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Understanding the Commonly Used Deeds for Transferring Real Estate and the Interests Affected

The Grant Deed.

A Grant Deed is generally used to transfer ownership in real estate.  By using a Grant Deed, the transferor makes warranties to the title of the property being conveyed and promises that he or she is the owner and that such interest in absolute and not encumbered in any way.

Civ. Code, § 1092 provides a simple form for a Grant Deed. Any grant of an estate in real property may be in substantially the same form as the statutory form in Civ. Code, § 1092. A Grant Deed that conforms to Civ. Code, § 1092 is used to transfer title to real property. Civ. Code, § 1105 sets out a presumption that whenever a parcel of real property is conveyed by Grant Deed, fee simple title is presumed to have been passed unless the deed indicates that a lesser estate was intended. Unless otherwise expressly set forth, a Grant Deed implies the existence of two covenants [Civ. Code, § 1113]:

1. That before the date of execution, the grantor has not conveyed the same estate or any right, title, or interest in the estate to any person other than the grantee; and

2. That the property is free from encumbrances done, made, or suffered by the grantor or any person claiming under the grantor.

To be valid Grant Deed specifically must provide all of the following. 

A. Parties. The deed must specify a grantor and a grantee with capacity to convey and receive title to real property. The grantee need not be mentioned by name as long as the designation and description is sufficient to identify the grantee.

B. Property description. The deed must contain the legal description of the property whether or not the document is going to be recorded. 

C. Signature. The deed must be signed by the grantor or the grantor’s agent. The authority of the agent to execute the deed must be in writing Civ. Code, § 1091.

D. Acknowledgment. The acknowledgment is not needed for the document to be effective, but is required for recordation. [Gov. Code, §§ 2728727288Civ. Code, §§ 1169 et seq.] Any form of acknowledgment must be in substantially the same form as Civ. Code, § 1189.

Interspousal Grant Deed.

Since a grant deed is presumed to pass “fee simple” (or complete title) unless it appears on its face to convey a lesser interest, Interspousal Grant Deed conveys a fee simple interest between spouses. It is used in diverse circumstances, including to correct an erroneous vesting in a purchase transaction; to transfer interest in a marital property settlement; to break or establish a joint tenancy; to establish a tenancy in common; and to establish a presumptive community property interest.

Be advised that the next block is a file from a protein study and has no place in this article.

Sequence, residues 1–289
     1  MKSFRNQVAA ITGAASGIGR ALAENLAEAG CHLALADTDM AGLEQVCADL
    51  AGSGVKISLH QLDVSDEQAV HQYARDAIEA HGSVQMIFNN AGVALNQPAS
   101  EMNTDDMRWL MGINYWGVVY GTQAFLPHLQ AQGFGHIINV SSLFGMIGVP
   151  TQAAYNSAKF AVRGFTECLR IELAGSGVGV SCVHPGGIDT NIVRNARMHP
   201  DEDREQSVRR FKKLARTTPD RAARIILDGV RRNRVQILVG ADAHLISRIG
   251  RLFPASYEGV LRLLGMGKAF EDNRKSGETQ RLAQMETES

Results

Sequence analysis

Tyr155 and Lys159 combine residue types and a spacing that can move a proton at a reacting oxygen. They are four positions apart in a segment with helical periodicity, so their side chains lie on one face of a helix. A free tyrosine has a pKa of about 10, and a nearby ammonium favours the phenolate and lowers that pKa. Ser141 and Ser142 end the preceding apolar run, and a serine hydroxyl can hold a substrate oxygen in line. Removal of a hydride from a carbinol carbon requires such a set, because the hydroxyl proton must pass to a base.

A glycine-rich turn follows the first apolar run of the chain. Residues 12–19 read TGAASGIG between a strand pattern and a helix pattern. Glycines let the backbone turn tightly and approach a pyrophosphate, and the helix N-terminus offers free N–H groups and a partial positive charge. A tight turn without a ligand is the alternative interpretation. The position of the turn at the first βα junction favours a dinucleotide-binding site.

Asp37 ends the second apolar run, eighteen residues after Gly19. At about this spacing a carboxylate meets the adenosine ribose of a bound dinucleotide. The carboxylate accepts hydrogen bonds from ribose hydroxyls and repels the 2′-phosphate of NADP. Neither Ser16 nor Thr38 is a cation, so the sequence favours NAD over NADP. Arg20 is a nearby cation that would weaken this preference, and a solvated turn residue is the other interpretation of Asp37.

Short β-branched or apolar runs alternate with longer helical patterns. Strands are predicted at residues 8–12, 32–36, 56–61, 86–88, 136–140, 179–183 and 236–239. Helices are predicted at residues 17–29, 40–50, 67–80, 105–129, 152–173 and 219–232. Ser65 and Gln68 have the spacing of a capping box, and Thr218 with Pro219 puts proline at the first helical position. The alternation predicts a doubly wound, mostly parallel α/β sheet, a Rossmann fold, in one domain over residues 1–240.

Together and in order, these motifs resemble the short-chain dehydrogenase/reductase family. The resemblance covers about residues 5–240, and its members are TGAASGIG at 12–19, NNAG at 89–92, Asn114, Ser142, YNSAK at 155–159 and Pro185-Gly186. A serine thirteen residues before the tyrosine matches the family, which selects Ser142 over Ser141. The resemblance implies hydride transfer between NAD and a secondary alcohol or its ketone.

One common use of an Interspousal Grant Deed is the requirement lenders impose on a married borrower when the spouse of that borrower is not going to be responsible for the loan as a borrower. 

Since the law generally bars foreclosure (or trustee’s sale) against a non-borrower spouse’s interest as a co-owner of a property, lenders regularly require the non-borrowing spouse to convey their entire interest in the property.  The instrument the lenders require to cause this interest to be transferred is an Interspousal Grant Deed.  Once executed, the lender can secure its loan by recording a deed of trust without a competing spousal interest to contend with if the loan falls into default.

Beginning July 1, 2001, married couples are able to elect to hold title to real property as “community property with right of survivorship.” The benefits of community property which allow a full step in tax basis are maintained, while a married couple can enjoy the benefits of the right of survivorship which was traditionally not available under the community property statutes. [See Civ. Code, § 682.1]

Quitclaim Deed.

A Quit Claim Deed conveys all of the transferor’s interest in real property to the transferee as of the date of execution, but without the warranties and guarantees of title as to any other interests. While a Grant Deed is presumed by law to pass fee simple title to real property, the Quitclaim Deed carries with it no presumption as to the estate being conveyed. The Grant Deed also implies the existence of the two covenants stated above, the Quitclaim Deed includes no covenants regarding title. The Quitclaim Deed transfers only the title or interest that the transferor holds at the time that deed is executed and even does not convey after acquired interests. it is generally held that a Quitclaim Deed does not convey after acquired title. 

It is often used by a transferor spouse to convey any community property interest held in the subject real property to the transferee spouse. It can also be used by an optionee to remove any cloud on the title of real property caused by an option to purchase. The Quitclaim Deed could be said to transfer whatever interest one has but doesn’t guarantee such transferor has any interest.

Recording the Deed.

While a deed should be recorded as soon as possible after the seller receives the purchase price, the failure to record it for an extended period will not cause the deed to become invalid or to violate the statute of frauds. Lee v. Lee, 175 Cal. App. 4th 1553, 97 Cal. Rptr. 3d 516 (5th Dist. 2009). In fact, recoding a deed is not particularly significant to the parties of a deed.  Rather, recording is of great importance with respect to the interests created in a deed as it pertains to all third parties, be it lenders, other persons, or governing bodies.

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